The Republic (Περὶ πολιτείας; Peri politeias) is Plato (Πλάτων)'s best-known work and has proven to be one of the most intellectually and historically influential works of philosophy and political theory. In it, Socrates along with various Athenians and foreigners discuss the meaning of justice (δικαιοσύνη) and examine whether or not the just man is happier than the unjust man by considering a series of different cities coming into existence "in speech", culminating in a city (Kallipolis) ruled by philosopher-kings; and by examining the nature of existing regimes. The participants also discuss the theory of forms, the immortality of the soul, and the roles of the philosopher and of poetics in society. It was written sometime between 380 and 360 BCE.
- 1 Passages
- 2 Passages
- 3 Manuscripts
- 4 Editions, commentaries
- 5 Translations
- 6 Studies
- 7 Bibliographies online
The division of the Republic into ten books is due not to Plato but to his early editors and probably to the length of the papyrus rolls ("books") on which the dialogues were written. (Larson 1979:xx)
G.J. Boter in his book on the transmission history of the text (1989) recognizes its three primary witnesses: Parisinus gr. 1807 (A), Venetus Marcianus gr. 185 (coll. 576) (D) and Vindobonensis suppl. gr. 39 (F). Besides them, there are eleven papyri containing fragments of the Republic, all dating from the second and third century CE.
|The following three passages contain only a small fragment of the Republic and are selected to illustrate various uses of the notion of technê in Plato. For full translations, consult the bibliography below.|
The interest of technê is in its subject rather than in itself; as can be shown by the example of medicine.
|Edition: Adam 1903. Translations: Jowett 1871/88 EN, Grube/Reeve 1974/97 EN, Badiou/Spitzer 2013 EN.|
[T]he doctor and the admiral each has his
own particular interest. And the aim of each one’s skill is to seek out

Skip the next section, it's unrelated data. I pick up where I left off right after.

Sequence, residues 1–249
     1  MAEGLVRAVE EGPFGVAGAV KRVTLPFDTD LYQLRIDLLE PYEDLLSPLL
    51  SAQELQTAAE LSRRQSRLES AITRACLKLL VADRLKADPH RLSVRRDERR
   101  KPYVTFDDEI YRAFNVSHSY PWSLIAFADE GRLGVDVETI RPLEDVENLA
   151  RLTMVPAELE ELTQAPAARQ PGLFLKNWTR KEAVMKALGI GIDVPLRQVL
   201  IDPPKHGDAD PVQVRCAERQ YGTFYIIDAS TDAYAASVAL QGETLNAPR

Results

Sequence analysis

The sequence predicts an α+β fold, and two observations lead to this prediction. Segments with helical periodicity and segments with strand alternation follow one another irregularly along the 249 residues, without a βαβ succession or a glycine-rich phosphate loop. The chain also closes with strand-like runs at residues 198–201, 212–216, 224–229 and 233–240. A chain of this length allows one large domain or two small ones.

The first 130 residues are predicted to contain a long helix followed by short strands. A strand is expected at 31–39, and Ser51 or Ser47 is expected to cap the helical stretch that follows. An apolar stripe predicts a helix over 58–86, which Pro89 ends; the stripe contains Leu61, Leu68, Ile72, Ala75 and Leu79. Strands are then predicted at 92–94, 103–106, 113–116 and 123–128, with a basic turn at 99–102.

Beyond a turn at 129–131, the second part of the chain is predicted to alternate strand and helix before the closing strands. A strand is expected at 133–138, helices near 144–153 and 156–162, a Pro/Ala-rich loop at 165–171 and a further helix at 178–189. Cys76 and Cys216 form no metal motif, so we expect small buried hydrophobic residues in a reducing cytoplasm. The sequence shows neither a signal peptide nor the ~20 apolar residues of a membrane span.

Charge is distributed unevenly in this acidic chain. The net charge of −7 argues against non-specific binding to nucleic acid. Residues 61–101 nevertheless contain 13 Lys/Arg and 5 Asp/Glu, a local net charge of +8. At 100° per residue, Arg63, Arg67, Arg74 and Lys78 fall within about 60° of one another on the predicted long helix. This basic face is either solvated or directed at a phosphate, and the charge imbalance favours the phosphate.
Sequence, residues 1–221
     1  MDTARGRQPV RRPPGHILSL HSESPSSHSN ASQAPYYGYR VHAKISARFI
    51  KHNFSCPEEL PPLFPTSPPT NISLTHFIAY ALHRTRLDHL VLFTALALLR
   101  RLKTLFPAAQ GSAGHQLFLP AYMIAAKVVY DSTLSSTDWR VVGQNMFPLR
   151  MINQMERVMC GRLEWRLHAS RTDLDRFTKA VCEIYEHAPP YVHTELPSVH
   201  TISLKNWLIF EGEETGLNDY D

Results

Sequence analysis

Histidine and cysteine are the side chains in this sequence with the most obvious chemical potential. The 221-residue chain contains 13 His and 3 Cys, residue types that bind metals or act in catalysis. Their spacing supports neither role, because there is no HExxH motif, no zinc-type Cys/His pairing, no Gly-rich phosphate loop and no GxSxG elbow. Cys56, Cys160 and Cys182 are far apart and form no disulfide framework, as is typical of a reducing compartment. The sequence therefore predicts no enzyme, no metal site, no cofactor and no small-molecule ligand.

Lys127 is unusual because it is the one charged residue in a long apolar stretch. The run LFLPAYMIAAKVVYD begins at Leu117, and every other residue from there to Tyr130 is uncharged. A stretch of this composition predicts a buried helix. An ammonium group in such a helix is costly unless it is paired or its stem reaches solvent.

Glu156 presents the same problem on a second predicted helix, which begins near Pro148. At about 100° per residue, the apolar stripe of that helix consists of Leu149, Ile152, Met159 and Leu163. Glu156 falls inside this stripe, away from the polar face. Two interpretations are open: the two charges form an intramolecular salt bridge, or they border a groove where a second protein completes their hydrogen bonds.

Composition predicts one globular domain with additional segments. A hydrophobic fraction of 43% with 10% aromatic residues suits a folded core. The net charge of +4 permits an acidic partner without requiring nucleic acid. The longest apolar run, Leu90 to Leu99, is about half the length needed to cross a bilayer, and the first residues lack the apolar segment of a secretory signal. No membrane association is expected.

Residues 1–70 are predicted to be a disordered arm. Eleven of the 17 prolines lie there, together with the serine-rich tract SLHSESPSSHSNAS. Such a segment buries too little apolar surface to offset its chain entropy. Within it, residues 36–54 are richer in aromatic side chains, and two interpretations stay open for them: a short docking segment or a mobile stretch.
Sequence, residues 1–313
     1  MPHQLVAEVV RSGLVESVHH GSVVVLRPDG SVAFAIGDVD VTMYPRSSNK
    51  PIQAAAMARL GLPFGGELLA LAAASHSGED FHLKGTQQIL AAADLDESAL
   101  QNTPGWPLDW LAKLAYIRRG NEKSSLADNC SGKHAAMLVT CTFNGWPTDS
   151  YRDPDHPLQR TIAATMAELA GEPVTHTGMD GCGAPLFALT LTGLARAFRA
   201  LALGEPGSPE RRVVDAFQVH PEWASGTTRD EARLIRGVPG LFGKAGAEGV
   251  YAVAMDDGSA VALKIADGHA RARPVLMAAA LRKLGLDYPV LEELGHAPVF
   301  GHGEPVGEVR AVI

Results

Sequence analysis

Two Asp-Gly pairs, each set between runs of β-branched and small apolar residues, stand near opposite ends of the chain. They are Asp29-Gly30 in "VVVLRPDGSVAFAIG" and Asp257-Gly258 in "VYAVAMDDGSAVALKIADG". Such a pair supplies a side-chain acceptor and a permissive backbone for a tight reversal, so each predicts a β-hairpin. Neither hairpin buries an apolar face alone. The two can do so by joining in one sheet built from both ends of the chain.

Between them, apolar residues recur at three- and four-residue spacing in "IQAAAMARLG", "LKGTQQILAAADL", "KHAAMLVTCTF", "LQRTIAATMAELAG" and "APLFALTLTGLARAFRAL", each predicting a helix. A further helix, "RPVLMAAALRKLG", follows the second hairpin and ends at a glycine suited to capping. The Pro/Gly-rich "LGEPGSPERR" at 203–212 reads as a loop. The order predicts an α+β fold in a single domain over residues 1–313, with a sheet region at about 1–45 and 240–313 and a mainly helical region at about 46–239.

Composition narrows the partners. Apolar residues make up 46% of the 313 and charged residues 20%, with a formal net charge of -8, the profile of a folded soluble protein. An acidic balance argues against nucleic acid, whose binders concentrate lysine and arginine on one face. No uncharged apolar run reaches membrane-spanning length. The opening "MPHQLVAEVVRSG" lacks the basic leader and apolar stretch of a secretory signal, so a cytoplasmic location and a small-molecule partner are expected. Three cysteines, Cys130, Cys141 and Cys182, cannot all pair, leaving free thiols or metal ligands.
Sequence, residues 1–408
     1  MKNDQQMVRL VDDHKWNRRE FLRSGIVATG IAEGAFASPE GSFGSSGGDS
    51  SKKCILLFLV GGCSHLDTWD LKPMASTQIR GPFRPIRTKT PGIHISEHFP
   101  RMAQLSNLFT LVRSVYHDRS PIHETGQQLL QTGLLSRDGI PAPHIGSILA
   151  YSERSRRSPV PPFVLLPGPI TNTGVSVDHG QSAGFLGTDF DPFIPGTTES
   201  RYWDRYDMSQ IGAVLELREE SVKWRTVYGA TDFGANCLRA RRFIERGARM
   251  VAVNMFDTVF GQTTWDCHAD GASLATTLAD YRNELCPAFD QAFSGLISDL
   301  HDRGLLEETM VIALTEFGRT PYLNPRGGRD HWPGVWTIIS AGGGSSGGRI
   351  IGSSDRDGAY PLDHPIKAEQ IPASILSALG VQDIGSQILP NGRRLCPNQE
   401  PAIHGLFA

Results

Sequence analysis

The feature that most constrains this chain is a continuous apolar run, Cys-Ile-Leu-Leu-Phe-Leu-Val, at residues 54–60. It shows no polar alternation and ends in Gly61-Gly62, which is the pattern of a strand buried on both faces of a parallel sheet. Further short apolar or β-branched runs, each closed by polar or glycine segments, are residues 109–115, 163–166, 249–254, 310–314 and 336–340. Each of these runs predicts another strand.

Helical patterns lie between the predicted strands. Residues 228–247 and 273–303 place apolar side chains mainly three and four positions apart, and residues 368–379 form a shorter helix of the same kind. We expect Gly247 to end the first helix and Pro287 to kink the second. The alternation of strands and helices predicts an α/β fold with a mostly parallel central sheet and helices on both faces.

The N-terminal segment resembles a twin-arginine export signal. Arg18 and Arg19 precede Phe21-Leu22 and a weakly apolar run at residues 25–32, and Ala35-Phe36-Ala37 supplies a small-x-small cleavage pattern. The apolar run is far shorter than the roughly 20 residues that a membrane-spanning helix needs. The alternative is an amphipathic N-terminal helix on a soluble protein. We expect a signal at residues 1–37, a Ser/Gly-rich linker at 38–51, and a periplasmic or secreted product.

and then provide each one with that interest. A skill considered in
itself obviously has no particular interest except to be as perfect as
possible. So we can...
–Hold on! Not so fast! Thrasymachus interrupted him. What’s all this business about the interest of a skill the only interest of which is the interest of someone who possesses that skill? I can see one of Socrates’ typical dirty tricks coming on.
–Let me be crystal-clear. Suppose you asked me whether the body is self-sufficient or lacking something. I’d reply: “Sure it’s lacking something! That’s precisely why medical skill as we know it today was invented. The body is often in poor condition and can’t get by on its own. Medical skill was developed and organized to serve the interests of the body.” And, knowing trusty Thrasymachus, I’m sure he’ll agree with my answer.
Thrasymachus sneered and blew his nose loudly.
–To agree with that sort of platitude any idiot would serve your purpose.
–So you agree, said Socrates softly. Now let’s ask whether medical skill, in its turn, is in poor condition in the same way as the body. If so, it might need some other kind of skill to serve its interest and provide it with what it lacks. Do we need to go on? Do we need to grant that, for the same reasons, this second skill itself needs a third – and so on, ad infinitum? If this infinite regress seems odd, we can go back to the beginning and assume instead that medical skill itself sees to remedying its own defects. And the third possibility is that a skill requires neither a second skill nor itself to obtain what it lacks, given that, as a true skill, it has no deficiencies or flaws. In effect, we observe that a skill seeks only the interest of what it deals with, and, provided it’s genuine, it remains faultless and flawless for as long as it remains, in the strict sense of the word “skill,” entirely what it is. So there are three possibilities. Number one: to compensate for what it lacks, every “technique,” which is sometimes how techne is translated – “professional skill” is a lot more precise, but clumsy – requires a technique of that technique, and so on ad infinitum. Number two: every technique is clearly a technique of itself and can therefore compensate for its own deficiencies. Number three: considered in and for itself, a technique lacks for nothing. My dear Thrasymachus, consider these three possibilities and tell us which one – in your opinion, of course – is the right one.
–In my opinion, it’s the third one, without a doubt.
–Wonderful! So medicine isn’t concerned with the interest of medicine but only with the interests of the body; the technique of horse training pays no heed to horse training but only to the horse. A technique cares nothing about its own interest – it doesn’t have one anyway – but only about the interest of its object, about what the skill that defines it deals with.
–All you’re doing, in my opinion, is repeating my choice of the third hypothesis. Always the same old Socratic hot air!
–I’m doing it so that you won’t accuse me of setting any traps for you. Here’s my question: a skill gets the results it seeks from whatever it deals with, doesn’t it? Otherwise it’s not a skill, it’s only the technique of nothing.
–Obviously! The “long detours” you go off on are so simple-minded!
–But anything that gets the results it expects from something is, in actual fact, what’s in command of – or what exercises its authority over – that thing, isn’t it?